Really? You think The Voice is going to be a success? Yet another talent show, another line of judges, more vote-offs? Oh, you have a spinning chair… Still no. I don’t think so. I am not sure how to sell this to my clients?
Let’s face it, we were all in a similar boat. It wasn’t standing out on paper. No more than Excess Baggage at the time. And, as such, Ford Focus and Australian Super have been the lucky (or smart?) recipients of a relative bargain with some clear space to activate their brands. And as the show has progressed, Vodafone are increasingly sticking their tweet in, and Woolies have also found an angle to activate on the fringes.
It is not quite Masterchef yet, which now has over thirty brand logos on the partner page, but The Voice will no doubt attract a lot more commercial attention as Nine starts thinking about series two. But as the number of sponsorships grow, they must remain well-aligned.
With more time to plan and the benefit of hindsight, there will be a real opportunity to activate these sponsorships in truly engaging and unique ways to add value to the show, the viewer and the brand.
To this end, The Voice mk II is an opportunity to look at sponsorship slightly differently. Let’s consider it as a ‘content partnership’.
Brands want to leverage the engagement of an existing audience and they have money to spend. Networks want more viewers interacting with the show in all touch points. Sticking the host in a car wrapped into a 30-second spot doesn’t quite do it for anyone. Placing a logo on a tweet is missing the point. Building a social media room is a little odd, or is it just me? Isn’t social media meant to live in the ether? Do we need to see a million tweets, and then be told a million people are tweeting?
My point being, brands will cut through with audiences on a far deeper level if they simply give the audience more of what they have come to see. And what an exciting opportunity there is now for series two, with a live element of a high-rating TV show, to develop truly innovative ‘content partnerships’.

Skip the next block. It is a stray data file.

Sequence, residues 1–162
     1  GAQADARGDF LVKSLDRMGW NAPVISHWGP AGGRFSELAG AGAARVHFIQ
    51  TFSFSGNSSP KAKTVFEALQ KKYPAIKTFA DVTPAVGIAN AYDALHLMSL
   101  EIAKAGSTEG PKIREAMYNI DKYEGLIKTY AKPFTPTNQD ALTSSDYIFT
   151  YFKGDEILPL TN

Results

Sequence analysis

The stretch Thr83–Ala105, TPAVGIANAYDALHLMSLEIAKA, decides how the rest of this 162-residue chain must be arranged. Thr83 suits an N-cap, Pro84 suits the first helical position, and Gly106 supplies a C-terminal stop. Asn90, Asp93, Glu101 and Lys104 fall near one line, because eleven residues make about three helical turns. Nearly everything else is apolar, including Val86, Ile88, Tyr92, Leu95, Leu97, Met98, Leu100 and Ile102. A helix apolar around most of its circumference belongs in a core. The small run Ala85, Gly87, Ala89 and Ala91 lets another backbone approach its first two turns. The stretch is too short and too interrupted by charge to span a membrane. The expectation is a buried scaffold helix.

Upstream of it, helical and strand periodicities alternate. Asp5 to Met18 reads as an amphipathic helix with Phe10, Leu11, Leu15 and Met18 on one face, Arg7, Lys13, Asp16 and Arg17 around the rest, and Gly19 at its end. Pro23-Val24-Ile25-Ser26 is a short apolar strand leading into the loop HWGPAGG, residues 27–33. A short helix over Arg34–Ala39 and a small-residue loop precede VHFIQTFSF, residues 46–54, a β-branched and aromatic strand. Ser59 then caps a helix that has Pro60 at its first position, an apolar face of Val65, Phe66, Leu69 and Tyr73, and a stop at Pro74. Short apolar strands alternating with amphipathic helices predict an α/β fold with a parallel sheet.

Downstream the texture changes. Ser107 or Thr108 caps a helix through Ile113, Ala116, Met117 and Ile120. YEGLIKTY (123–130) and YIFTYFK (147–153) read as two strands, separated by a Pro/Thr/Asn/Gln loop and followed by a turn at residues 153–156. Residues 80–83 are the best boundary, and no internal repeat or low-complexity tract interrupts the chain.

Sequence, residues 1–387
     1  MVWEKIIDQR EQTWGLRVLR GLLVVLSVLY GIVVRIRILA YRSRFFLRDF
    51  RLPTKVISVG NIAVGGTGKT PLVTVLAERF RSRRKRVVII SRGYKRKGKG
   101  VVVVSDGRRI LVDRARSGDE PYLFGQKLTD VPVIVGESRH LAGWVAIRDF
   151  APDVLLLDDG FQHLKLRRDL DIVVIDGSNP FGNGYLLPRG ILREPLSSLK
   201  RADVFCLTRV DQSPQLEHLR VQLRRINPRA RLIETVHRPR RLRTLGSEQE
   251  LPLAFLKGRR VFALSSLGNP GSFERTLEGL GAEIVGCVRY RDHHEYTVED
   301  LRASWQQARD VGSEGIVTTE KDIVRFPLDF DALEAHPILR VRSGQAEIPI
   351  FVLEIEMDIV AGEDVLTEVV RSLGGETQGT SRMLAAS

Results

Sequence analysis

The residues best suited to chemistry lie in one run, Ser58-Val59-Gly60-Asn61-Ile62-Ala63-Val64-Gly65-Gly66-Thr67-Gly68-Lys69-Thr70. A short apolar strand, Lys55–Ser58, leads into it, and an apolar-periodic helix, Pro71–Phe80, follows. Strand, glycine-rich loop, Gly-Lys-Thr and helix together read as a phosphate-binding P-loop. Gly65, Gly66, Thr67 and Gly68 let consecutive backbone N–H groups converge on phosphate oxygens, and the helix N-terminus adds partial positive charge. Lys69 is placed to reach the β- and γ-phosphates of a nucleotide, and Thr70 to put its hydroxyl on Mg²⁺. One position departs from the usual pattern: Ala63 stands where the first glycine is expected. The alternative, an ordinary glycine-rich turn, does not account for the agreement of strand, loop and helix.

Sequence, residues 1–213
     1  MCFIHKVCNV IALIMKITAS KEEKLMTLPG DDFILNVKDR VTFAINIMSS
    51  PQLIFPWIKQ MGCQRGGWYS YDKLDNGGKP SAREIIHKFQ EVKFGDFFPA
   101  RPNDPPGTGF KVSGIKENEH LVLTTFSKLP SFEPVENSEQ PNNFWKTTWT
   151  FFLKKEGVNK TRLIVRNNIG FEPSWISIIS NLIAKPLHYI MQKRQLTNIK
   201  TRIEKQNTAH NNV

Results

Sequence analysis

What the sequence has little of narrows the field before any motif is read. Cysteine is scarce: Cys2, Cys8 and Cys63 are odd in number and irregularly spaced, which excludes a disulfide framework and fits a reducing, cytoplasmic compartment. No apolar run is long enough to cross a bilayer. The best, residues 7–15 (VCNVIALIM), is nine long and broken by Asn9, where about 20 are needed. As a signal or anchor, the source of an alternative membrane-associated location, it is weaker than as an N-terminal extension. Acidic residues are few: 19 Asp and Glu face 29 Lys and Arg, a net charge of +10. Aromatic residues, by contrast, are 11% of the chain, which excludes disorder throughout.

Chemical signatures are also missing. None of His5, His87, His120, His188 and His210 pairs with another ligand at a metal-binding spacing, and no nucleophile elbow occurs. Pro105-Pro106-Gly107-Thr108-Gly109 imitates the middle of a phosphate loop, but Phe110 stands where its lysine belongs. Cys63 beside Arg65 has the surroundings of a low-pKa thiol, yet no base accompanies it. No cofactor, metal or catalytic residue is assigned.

A couple of other counter-intuitive things that I would like to see the network consider for series two.
Firstly, change the judges. Keep the panel fresh and new. Don’t get me wrong, I am thoroughly entertained by the current quartet. But for me, these shows are 50% about the contestants, and 50% about the judges. No one would expect us to watch the same contestants in series two, so why should we want to see the same judges. As good as they are now, their comments will become samey soon enough. And there are plenty more inspirational musicians out there for us to get to know.
Secondly, don’t strip it across the week! As tempting as it may be for the commercial arm of the Network, I believe one key ingredient to the sustained high audience figures has been the fact that, on five evenings of the week I have felt slightly disappointed that it is not on.
I have looked forward to its return on a Sunday or Monday night. It is refreshing to feel that sense of anticipation for a prime time TV show these days, and I hope Nine retain that. Hopefully the success of the off-screen activity through social interaction during the live shows, which I would imagine can only be held once a week, will convince the network that the current format is worth keeping.